By Sarah Purtill
Impunity Watch Reporter, North America
MIAMI, Florida – On September 10th, hurricane Irma tore through Florida, causing the Hollywood Hills Rehabilitation Center to lose some of its power. The home maintained some electricity, but lost the power to its air conditioning units when a tree knocked out a transformer. Three days after the hurricane hit, the nursing home called 911. Many of their patients had begun exhibiting cardiac arrest and respiratory failure. On September 13th, nearly 150 patients were evacuated. . Of the 150 patients that were evacuated on September 13th, a number of them were treated for heat-related issues. As of September 18th, eight patients had died. That number has since risen to twelve.
Dolores Biamonte, 57, died September 28th according to a statement from the Broward County Medical Examiner’s Office. Biamonte was the youngest of the residents who died as a result of the heat exposure. Currently, the dead range in age from 57 – 99. Some of those who died had body temperatures that reached 109.9 degrees Fahrenheit. CNN obtained a video that showed one woman sitting naked in a hallway on what looks like a hospital bed next to fans and spot coolers.
Across the street from the home is one of the largest hospitals in Florida. Investigators want to know why so many patients died even though the hospital was only across the street. The twelve deaths at the Rehabilitation Center at Hollywood Hills are now being treated as part of a criminal investigation, according to Hollywood police spokesman, Miranda Grossman. Federal and State agencies are also conducting administrative investigations.
Florida Governor Rick Scott’s office reported, even though the nursing home had multiple calls with state authorities, they never reported that the patients were in danger or needed to be evacuated. That report also stated that the state advisors told the nursing home managers multiple times to call 911 if the patients were in danger or needed to be evacuated. The 159-page state report said that was “something [the nursing home] failed to do.”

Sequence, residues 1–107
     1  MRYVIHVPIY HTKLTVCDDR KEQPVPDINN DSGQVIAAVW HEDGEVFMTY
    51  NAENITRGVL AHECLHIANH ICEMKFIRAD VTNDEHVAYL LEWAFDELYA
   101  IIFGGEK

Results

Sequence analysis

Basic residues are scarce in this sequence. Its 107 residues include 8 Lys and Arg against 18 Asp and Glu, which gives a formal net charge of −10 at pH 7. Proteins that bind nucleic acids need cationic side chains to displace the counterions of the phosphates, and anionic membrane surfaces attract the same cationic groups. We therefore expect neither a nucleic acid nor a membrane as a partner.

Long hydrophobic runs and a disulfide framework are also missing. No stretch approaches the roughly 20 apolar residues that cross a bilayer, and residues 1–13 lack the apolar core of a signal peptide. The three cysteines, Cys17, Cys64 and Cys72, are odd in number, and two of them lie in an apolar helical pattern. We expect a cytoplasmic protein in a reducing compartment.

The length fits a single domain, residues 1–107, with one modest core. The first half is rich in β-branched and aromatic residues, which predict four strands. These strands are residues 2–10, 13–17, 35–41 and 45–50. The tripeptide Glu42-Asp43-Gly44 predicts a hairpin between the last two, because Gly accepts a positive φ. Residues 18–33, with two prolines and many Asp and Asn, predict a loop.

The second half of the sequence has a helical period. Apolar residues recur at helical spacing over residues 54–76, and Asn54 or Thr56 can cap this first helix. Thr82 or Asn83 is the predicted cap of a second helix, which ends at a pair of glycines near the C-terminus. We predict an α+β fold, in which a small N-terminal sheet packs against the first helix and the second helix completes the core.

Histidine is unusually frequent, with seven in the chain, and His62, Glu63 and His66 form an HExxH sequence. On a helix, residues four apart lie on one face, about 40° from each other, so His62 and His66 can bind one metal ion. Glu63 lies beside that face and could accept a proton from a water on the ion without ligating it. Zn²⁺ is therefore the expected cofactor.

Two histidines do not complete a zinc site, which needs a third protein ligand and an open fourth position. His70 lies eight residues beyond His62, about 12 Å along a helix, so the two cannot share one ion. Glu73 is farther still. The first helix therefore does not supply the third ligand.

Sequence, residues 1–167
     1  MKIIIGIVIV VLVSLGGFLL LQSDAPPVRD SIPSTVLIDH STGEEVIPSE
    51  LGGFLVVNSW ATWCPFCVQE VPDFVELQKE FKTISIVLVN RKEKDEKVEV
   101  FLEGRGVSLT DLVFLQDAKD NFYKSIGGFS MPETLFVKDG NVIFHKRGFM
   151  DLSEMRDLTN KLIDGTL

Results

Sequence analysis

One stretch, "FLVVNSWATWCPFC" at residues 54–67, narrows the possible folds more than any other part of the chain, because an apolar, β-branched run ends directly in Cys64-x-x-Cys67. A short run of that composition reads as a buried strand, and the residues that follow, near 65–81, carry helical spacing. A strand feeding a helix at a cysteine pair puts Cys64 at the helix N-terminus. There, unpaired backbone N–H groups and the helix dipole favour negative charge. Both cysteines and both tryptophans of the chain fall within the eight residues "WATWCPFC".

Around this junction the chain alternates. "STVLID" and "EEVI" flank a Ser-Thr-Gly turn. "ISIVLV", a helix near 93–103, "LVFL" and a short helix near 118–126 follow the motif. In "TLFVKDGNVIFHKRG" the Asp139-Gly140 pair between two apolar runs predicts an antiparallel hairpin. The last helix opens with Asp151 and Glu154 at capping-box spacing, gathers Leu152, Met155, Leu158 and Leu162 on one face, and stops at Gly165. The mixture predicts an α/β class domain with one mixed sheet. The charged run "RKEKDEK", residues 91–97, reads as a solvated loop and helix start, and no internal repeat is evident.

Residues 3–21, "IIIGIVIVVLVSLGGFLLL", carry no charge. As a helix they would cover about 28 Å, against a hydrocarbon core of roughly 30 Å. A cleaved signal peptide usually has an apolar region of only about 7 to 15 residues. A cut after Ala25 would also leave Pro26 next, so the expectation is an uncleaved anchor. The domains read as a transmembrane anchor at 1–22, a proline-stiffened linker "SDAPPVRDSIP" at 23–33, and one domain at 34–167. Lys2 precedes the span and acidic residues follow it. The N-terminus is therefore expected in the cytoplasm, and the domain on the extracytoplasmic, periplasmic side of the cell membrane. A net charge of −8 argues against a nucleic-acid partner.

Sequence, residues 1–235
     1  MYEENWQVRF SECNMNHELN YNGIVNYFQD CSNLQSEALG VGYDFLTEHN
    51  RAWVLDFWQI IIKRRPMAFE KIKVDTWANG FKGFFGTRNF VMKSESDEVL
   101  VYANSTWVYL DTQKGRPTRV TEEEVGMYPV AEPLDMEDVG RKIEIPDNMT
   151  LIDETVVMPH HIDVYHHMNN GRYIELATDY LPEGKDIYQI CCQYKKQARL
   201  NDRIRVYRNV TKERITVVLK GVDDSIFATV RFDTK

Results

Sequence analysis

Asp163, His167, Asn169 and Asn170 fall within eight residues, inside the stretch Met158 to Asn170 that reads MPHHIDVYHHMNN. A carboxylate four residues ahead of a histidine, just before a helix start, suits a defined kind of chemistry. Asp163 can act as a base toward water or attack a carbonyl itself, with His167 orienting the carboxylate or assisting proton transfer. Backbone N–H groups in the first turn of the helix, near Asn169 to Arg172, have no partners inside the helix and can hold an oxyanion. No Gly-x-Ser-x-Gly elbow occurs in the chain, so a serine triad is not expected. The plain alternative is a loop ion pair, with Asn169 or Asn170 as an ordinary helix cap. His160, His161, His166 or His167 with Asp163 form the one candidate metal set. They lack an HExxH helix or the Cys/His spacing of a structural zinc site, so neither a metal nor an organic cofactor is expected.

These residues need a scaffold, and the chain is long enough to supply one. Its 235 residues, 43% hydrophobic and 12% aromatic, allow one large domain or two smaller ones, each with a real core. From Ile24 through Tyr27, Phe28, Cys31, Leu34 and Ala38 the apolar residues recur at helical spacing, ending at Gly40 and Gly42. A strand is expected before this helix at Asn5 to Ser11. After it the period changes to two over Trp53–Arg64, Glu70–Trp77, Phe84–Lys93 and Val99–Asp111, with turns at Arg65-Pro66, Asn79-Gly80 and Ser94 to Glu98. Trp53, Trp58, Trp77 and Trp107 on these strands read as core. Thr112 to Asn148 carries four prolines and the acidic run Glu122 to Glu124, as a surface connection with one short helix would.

The Governor said in a statement, “this facility is failing to take responsibility for the fact that they delayed calling 911 and made the decision not to evacuate their patients to one of the largest hospitals in Florida, which is directly across the street.” The nursing home said it is “fully cooperating with all authorities and regulators to assess what went wrong.” The nursing home has also expressed their sympathy for the families of those who died.
Several families have filed lawsuits. Pedro Franco, whose father, Miguel, died following Irma, said, “this is something that could have been prevented.” Franco is among those who filed a lawsuit against the nursing home. The lawsuit also alleges that the nursing home failed to provide proper care to Pedro’s mother, Cecilia Franco, who survived but was hospitalized in serious conditions.
The State Agency for Health Care Administration revoked the nursing home’s license and shut them down earlier this month. In addition, Governor Scott gave all Florida nursing homes and assisted living facilities sixty days to comply with news rules which require them to have generators that can provide backup power for up to four days.
For more information, please see:
CNN – Florida Nursing Home Death Toll Reaches 12 – 29 September 2017
Daily News – Death Toll Reaches 12 at Florida Nursing Home Left Without Power After Hurricane Irma – 29 September 2017
NBC News – Florida Nursing Home Death Toll Rises to Twelve After Hurricane Irma Knocked Out A/C – 29 September 2017
Time – 12th Person Dies After being Taken From Overheated Florida Nursing Home – 29 September 2017
CNN – Video Shows Naked Woman in Sweltering Nursing Home Where 8 Died – 16 September 2017
Author: Sarah Louise Purtill
is a second-year law student at Syracuse University College of Law (SUCOL). In addition to being an Impunity Watch News Reporter, she is an Associate Editor for the Syracuse Journal of International Law and Commerce. Sarah is the Media Managing Editor for Syracuse Law and Civic Engagement Forum as well as the Treasurer for Phi Alpha Delta Law Fraternity’s Carmody Chapter at SUCOL. She is also serving her second term as a Class Senator for the Student Bar Association at SUCOL. Sarah is a student attorney at the Elder and Health Law Clinic of SUCOL. Sarah graduated from John Jay College of Criminal Justice’s Honors Program in June of 2016 with a Bachelor’s Degree in Political Science and a Minor in History. Sarah expects to graduate with her Juris Doctor from SUCOL in May of 2019.